Apr 25, 2019

With the drastic changes that have been happening in the environment—from the melting habitats of polar bears to hurricanes and floods—we cannot help but feel a certain type of loss. Seeing our homes dying speaks to us directly. We feel guilty since most of these devastating incidents are rooted in a man-made catastrophe: climate change (READ: Not convinced about climate change? Watch this documentary). But aside from that, we also mourn—and this kind of mourning is something linguists and environmentalists would like to call “solastalgia.”

A man sits on the ruins of his home after Supertyphoon Yolanda hit the country in 2013. Photo courtesy of Inquirer.net

It’s like being homesick, but having the gut feeling that you won’t ever get to return to that home. In the research Solastalgia: A New Concept in Health and Identity by environmental philosopher Glenn Albrecht, the term is said to be rooted in “the concepts of ‘solace’ and ‘desolation.'”

It is the pain experienced when there is recognition that the place where one resides and that one loves is under immediate assault or physical desolation,” Albrecht wrote. He added that solastalgia reflects a person’s intense desire for the place which used to give comfort but has eroded or been attacked.

Natural and artificial calamities can cause this, such as earthquakes, drought, fire, flood, war, terrorism, and even gentrification. And it may not be obvious at first, but it results in the social instability of a person.

It may even cause drug abuse, mental illness, and suicide, another study by Pierre Horwitz noted. “Rarely is environmental change regarded as a possible contributing factor, yet landscape degradation, manifesting as soil erosion, river or wetland degradation, or increasing salinity on previously productive land, may underlie or exacerbate any of these other contributing factor,” he said.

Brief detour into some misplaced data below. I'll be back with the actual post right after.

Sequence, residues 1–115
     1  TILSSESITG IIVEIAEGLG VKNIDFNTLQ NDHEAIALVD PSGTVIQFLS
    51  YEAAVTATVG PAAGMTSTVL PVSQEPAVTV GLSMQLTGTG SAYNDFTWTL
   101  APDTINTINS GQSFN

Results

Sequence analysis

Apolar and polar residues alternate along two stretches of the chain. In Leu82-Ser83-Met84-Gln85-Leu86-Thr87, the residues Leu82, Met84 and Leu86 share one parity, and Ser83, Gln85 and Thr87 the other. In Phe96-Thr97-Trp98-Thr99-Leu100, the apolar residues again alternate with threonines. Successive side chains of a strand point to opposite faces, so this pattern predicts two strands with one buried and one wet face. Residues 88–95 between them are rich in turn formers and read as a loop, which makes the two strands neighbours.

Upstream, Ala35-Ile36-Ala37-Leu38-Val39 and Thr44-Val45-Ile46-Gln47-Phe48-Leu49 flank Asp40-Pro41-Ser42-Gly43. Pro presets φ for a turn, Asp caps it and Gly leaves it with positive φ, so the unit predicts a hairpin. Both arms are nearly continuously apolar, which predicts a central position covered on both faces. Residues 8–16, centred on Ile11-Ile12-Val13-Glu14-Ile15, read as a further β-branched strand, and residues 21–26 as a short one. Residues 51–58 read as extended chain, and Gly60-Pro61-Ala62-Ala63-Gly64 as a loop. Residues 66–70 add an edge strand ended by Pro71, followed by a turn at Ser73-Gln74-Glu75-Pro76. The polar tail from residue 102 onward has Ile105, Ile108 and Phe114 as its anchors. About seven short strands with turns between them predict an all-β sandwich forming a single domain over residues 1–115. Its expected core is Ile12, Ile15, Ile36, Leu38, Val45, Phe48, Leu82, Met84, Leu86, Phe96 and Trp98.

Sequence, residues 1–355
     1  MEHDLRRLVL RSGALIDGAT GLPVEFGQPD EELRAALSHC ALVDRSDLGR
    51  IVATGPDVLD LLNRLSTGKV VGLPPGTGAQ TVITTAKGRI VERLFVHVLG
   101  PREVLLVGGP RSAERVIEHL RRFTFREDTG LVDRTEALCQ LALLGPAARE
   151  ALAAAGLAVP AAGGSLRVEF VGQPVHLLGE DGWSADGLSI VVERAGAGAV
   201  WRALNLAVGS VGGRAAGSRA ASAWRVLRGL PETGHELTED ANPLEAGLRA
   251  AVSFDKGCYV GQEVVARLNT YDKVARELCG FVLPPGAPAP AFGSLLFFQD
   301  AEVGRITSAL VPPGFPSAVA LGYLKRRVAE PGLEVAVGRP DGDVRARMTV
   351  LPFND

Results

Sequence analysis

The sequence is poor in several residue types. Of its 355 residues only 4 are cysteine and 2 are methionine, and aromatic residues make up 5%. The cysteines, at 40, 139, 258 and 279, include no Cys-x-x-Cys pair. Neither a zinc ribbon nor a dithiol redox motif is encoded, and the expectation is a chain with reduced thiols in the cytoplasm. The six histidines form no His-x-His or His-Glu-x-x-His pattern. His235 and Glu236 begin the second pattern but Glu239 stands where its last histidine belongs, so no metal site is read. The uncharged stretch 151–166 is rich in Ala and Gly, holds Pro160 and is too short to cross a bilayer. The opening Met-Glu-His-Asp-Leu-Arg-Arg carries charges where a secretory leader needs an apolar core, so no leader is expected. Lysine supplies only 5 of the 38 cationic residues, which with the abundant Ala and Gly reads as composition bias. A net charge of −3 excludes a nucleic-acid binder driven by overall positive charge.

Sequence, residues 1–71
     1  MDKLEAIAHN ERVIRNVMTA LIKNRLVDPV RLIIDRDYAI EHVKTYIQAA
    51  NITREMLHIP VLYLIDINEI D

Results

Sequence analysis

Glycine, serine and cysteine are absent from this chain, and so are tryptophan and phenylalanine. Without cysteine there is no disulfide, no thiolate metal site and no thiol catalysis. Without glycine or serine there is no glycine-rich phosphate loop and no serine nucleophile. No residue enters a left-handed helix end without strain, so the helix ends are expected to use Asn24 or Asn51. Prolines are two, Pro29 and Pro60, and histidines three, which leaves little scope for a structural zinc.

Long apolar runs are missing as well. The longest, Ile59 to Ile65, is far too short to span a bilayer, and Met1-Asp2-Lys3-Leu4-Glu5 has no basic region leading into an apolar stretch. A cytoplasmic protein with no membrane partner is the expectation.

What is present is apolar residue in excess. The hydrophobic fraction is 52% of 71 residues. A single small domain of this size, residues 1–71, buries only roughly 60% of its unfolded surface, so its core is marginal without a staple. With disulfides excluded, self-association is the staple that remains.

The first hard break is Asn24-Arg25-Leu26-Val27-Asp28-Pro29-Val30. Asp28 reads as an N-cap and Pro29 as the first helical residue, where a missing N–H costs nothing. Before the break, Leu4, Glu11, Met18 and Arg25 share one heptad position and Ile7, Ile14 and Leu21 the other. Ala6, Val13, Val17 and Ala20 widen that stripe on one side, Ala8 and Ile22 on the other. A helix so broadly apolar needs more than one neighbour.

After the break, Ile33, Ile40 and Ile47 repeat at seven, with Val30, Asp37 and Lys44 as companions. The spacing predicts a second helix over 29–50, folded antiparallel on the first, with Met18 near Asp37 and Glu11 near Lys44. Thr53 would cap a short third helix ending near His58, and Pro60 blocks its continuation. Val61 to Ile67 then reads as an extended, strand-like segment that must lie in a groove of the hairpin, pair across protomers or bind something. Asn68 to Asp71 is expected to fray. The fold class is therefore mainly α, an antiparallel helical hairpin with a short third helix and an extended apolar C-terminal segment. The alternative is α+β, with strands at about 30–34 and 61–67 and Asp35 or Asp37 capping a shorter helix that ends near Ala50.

Emotional impact to farmers, indigenous communities

Farmers and their families are just some of the people who experience solastalgia. Not only are their jobs highly affected by environmental changes, they are also prone to being victims of home eviction, which are more often than not caused by capitalists in industries.

The ricefield of a family in M’lang, North Cotabato, has dried up due to drought. Photo by Karlos Manlupig of Inquirer Mindanao

Members of the indigenous communities have also been recorded to be experiencing physical and mental illnesses caused by the continuous destruction of their cultural traditions and lands. There are even “high and increasing rates of indigenous suicide” in Australia in the early 2000s, when modernization and urbanization started rising to its peak.

Solastalgia serves as a reminder that our ignorance in protecting the environment harms not only our physical health. Its destruction puts us in a constant state of longing for something that we witness disappearing right before our eyes.

It’s not like nostalgia when we look at “some golden past nor is it about seeking another place as ‘home,'” Albrecht said. But it is the feeling of dislocation and helplessness as more powerful forces and large number of people continue to destroy our environment.

And this feeling is not limited to people. It is felt in every ecosystem.

We may now know how to describe this emotional distress, but that doesn’t mean we have to stop there. It is now proven that the drastic climate change doesn’t only affect animals or plants; it affects us and our well-beings physically, mentally, and now, emotionally, too.

 

TAGS: climate change earth Earth Day earth hour emotional environmental evergreen farmers feeling health mental